The Flunkie Equation – quick and easy Hors d’Combat

Mike dives into how to make flunkies in the system of your choice and how to not spend too much time on them since they’ll (hopefully) be dispatched from combat really fast by the PCs. My methods are very close to what Mike has outlined here, so I won’t comment too much further.

Expose Yourself To Many Game Mechanics

Yep. Couldn’t agree more. What am I agreeing with? Well, go check out the article and find out for yourself.

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Friday Faves: 2014-07-04

July 4th, 2014

Happy Birthday to the United States of America! Be safe with your fireworks, folks. Colorado (where I live) has seen two devastating fires in the past two years. We don’t need a third year in a row. It’s not a hat trick or a trifecta that anyone wants to accomplish.

On with the links!

Touchstones Of Unification Pt 1 – Themes

Earlier this year, I attended the Pikes Peak Writers Conference. One of the sessions I sat in on was Chuck Wendig‘s fantastic teachings about theme and how they can affect a story. Of course, Chuck’s session focused on fiction writing, while the article Mike wrote is about role playing games. If you haven’t figured it out by now, the venn diagram between running an RPG and writing a novel has a great deal of overlap. Of course, the non-overlapping parts must be considered or else you’ll have a crappy role playing experience, or a horrible book. Anyway, if you weren’t one of the 50 (or so) people in the room with Chuck, click over to Mike’s article about theme (to be continued in other parts as well), and check out what he has to say. He covers the ramifications and impacts of choosing a theme for a game quite well. There’s plenty to chew on there. Also, if you’re a writer and a gamer, you really want to read this one. It’ll change your life in both of those areas.

Revised Open Doors in D&D-based games

I love Peter’s modifications here for changing how opening doors happens with regards to D&D. This is a smooth method, and makes the character’s strength bonus worthwhile. Think about it: The strongest (non-magical, non-enhanced) human is going to have an 18 strength. This is a +4 bonus. Roll a d20 and add 4? Come on. In this case, the die roll (or luck of the roll) is more important than the character itself. Dropping the variance range to a d6 (or a d8, maybe?) and adding in the strength bonus is a huge thing. Great idea here!

D&D / OSR: Two-Hit Minion Variant

Marty has a great idea to take the D&D 4e “one hit wonder” minions and bump them up to take two hits before they die. This makes me happy. In my brief D&D 4e days, I’d see many people focus area affect spells on what they thought were minions via metagaming to wipe them out. By making them take two hits… That reduces the metagaming aspect of things, and makes the players that do metagame think twice about using two fireballs (or whatever) against minions instead of just the single spell or charge from a magic item. It’s a small adjustment, but it goes a long way.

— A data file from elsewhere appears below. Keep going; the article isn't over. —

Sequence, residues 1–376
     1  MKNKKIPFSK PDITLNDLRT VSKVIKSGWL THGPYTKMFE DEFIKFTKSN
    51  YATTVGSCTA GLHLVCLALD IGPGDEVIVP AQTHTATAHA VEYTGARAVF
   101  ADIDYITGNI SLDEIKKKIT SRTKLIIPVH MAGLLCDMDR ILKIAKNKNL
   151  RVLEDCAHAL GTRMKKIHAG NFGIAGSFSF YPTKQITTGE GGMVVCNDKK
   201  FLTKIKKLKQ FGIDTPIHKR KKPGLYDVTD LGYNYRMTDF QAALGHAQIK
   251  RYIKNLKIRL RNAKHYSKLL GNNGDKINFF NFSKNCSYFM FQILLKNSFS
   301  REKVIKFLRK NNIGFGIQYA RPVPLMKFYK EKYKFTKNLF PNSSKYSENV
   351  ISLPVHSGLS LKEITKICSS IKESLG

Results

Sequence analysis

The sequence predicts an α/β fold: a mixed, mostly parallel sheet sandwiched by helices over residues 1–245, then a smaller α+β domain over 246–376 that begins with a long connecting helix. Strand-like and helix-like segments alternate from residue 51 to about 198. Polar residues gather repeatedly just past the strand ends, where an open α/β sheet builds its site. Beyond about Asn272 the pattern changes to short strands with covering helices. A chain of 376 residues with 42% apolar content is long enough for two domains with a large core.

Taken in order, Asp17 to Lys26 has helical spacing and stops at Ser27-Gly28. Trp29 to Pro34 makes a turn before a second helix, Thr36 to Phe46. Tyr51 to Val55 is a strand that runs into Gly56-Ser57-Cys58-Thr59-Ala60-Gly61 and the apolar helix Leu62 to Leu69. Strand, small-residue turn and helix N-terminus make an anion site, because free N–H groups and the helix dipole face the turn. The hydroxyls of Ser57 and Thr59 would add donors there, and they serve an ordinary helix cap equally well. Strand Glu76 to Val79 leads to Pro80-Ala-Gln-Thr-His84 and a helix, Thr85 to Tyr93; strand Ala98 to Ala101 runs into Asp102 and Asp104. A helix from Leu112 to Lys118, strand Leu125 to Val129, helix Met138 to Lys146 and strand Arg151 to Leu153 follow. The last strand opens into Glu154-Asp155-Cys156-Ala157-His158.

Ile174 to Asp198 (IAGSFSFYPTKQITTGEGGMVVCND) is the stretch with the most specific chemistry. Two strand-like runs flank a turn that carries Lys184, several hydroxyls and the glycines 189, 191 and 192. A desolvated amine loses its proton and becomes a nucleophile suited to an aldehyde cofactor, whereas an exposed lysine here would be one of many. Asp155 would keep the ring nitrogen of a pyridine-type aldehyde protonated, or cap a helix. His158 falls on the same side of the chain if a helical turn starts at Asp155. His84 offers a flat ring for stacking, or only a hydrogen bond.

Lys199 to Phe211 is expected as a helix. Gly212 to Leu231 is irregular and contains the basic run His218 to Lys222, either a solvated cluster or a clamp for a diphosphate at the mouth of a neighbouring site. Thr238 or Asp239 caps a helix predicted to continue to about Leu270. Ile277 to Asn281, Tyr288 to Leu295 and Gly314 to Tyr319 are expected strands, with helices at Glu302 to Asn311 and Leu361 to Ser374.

Fantasy Landmark Generator/Table

I love these kinds of charts. You can get some pretty wacky results, but there are always those results that spark your imagination and lead to greater things. Something randomly rolled from a table like this might end up being the cornerstone of your setting, location, session, or maybe even a campaign.

AnyDice.com

Many thanks to Delta for linking to AnyDice.com (follow the link above to find the true link to anydice). I must have spent three hours yesterday playing with different functions, dice combinations, and such just to play with the graphs. If you’re a gamer and/or math geek (I happen to be both) then you’ll find hours of entertainment there.

Writing The Game: Using RPGs to Create Fiction

At every writing conference I’ve been to, this question comes up when an author reveals that they are also a role player. The resounding answer to “Can I turn my RPG session into a novel?” is always “Don’t do it! Run away!” Why? Well, Mike covers this quite well. It is possible to take some of the basic concepts/ideas/thoughts/themes/etc. from a campaign and warp it into a narrative story, but there are many pitfalls in the way. The main reason I’ve heard (and that I agree with) is that RPGs are a cooperative, interactive storytelling venture. There are many “you had to be there” moments that don’t translate well into the written word. Novels are a narrative storytelling venture. The reader can’t change the words on the page. They don’t really interact with the book like a player would a game. Readers react to what is there. Players can change what is there. Mike delves deeper into the topic, so go check out his article!